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China Angry Over NATO for Overstating the Threat from Chinese Development

China Angry Over NATO for Overstating the Threat from Chinese Development

Threat from Chinese Development

According to NATO, threats emerging from China are systemic and need a confrontation with the commitment of all NATO members to work collectively. At a summit held in Brussels on June 14, 2021, NATO members pledged to counter the Threat from Chinese Development, economic development, and military power. However, a day after the summit, China responded by saying that NATO is aggravating the threat and going too far in pledging to confront the challenges emanating from China, in what is called ‘China Threat Theory,’ which interprets China’s emergence as an economic, ideological, and strategic threat to the national interests and security of Indo-Pacific states and global powers, including the US.

The US President also criticized China for its human rights violations, including forced labor and abuse, minorities (Uighurs in the Xinjiang region), and activities against Taiwan. Recently G7 leaders have also criticized China for its abuses and opposition against pro-democratic activities in Hong Kong. China responded by criticizing NATO for being irrational and overstating Chinese development as a threat to international order. China also denied the accusation of human rights violations. Chinese mission to the European Union accused NATO of creating false and simulating threats out of China’s peaceful progress, interests, and legal rights. The Chinese mission also accused NATO of working in international relations with a Cold War mentality and misjudging its role, the international situation, and China’s ambitions.

NATO criticized China, saying that its intention to acquire nuclear arsenals, competition in space warfare, and increased cyber warfare capabilities threaten alliance security and contemporary rule-based global order. While US President Joe Biden appeared in a summit with allies for the first time, he diverted the members’ attention towards China, its rising economic and hard power (military power), and the perception of dangers that China’s rise might pose peace and security. Thus, in a way, he renewed and transformed the focus of the transatlantic alliance to China. In contrast, initially, the members allied to contain and counter the Soviet threat in Europe during the Cold War.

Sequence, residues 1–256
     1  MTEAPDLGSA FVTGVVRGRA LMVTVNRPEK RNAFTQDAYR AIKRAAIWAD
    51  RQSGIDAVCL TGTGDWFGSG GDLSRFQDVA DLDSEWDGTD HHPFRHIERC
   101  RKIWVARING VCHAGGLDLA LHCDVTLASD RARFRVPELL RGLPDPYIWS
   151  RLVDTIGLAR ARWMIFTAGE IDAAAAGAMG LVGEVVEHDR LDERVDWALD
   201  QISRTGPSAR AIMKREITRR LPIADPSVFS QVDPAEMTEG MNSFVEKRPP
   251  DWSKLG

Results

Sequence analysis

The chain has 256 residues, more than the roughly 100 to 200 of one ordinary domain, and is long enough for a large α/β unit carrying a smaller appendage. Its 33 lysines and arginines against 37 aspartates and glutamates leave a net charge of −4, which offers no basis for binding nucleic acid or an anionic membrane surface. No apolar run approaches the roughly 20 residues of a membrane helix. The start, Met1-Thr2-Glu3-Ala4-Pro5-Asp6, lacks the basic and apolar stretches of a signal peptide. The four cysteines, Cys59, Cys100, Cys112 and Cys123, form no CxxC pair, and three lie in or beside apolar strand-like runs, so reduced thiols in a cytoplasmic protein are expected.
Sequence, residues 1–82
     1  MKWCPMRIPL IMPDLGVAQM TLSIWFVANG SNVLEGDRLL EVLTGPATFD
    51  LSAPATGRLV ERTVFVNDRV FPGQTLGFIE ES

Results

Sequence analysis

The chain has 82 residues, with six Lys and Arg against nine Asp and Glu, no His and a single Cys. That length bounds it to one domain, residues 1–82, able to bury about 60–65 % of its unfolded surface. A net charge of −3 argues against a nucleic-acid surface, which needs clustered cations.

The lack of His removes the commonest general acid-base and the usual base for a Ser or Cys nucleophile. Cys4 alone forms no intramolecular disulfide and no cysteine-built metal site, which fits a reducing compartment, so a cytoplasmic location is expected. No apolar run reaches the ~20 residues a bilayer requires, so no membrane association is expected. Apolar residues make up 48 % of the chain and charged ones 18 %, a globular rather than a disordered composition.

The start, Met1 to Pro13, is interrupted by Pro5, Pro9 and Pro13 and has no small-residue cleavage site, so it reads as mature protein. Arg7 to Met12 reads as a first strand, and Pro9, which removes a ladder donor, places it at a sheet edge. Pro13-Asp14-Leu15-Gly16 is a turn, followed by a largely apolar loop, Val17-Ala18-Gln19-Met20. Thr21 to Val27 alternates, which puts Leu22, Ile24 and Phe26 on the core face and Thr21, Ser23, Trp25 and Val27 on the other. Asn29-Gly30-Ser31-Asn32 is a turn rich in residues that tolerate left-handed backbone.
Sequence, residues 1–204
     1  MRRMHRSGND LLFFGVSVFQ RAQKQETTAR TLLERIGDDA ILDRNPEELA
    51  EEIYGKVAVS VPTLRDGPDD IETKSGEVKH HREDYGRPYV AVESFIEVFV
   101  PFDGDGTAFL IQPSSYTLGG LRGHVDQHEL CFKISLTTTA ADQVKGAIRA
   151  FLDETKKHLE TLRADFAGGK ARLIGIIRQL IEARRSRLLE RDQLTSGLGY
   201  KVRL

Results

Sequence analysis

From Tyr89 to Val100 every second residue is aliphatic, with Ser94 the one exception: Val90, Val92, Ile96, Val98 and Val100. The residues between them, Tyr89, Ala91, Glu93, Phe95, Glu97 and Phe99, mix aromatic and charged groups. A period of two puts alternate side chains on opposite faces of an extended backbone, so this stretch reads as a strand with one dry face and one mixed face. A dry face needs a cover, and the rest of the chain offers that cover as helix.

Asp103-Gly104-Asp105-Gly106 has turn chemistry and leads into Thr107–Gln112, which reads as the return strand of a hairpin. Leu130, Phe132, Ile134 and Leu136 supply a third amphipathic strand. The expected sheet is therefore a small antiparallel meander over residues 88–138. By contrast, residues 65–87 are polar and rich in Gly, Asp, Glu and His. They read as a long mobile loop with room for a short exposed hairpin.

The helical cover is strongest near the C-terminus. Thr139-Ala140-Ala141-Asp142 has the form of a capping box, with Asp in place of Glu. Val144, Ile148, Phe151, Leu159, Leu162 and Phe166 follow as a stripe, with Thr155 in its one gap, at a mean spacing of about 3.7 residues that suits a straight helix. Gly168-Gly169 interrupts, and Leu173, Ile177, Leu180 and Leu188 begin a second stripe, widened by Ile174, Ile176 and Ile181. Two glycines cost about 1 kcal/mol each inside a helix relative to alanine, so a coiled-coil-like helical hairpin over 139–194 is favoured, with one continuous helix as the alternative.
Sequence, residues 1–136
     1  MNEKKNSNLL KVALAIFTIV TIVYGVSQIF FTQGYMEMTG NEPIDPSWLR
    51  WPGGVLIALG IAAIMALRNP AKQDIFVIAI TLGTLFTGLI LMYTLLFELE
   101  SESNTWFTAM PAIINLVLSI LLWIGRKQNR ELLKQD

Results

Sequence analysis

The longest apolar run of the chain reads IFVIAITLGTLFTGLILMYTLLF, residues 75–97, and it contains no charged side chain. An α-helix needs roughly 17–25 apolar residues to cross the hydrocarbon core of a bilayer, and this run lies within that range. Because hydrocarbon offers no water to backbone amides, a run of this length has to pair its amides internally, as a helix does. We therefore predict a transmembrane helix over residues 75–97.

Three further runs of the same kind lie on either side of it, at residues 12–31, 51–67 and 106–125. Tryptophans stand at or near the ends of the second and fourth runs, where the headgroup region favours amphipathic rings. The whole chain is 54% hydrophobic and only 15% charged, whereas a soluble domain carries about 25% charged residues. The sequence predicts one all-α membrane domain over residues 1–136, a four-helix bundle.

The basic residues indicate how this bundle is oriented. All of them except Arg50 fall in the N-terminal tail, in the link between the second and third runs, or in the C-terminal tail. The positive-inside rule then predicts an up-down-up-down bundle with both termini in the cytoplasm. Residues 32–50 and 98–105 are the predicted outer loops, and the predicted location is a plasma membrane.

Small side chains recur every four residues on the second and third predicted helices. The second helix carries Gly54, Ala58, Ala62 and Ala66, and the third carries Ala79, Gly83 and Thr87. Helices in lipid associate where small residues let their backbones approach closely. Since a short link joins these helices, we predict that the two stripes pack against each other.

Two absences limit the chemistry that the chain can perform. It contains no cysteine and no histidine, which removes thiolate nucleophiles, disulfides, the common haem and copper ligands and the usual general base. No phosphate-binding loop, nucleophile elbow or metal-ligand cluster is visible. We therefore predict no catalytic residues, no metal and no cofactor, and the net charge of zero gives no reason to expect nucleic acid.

The US and NATO members are growing in their strategic concerns over the increasing Chinese military budget, modern acquisition, space exploration and warfare, cyber warfare capabilities, and regional military activities of China like in the South China Sea and airspace activities. However, the Chinese mission stated that China doesn’t aim to pose ‘systemic challenges’ to international states, but China would respond if any state is assertive. In response to the US perception of dangers posed by the Chinese military might, it said that China’s military modernization is ‘justified, reasonable, open, and transparent.’

While NATO assertions come amid growing US-China rivalry and military tensions in regions of the South China Sea, Himalayan border, and the Taiwan strait, China affirmed that it would keep a defensive defense policy and would not compromise its sovereignty, security and development interests.’ Furthermore, China said that it would keep a keen eye on NATO strategic and policy adjustment towards China. Lastly, into the bargain, China advised NATO to focus more on dialogue and cooperation and on working to contribute to forging stability and security. NATO General Secretary Jens Stoltenberg called allies to seek cooperation with China on matters of global concern, including climate change and natural disasters. Still, on the same note, he had also denounced Chinese actions.


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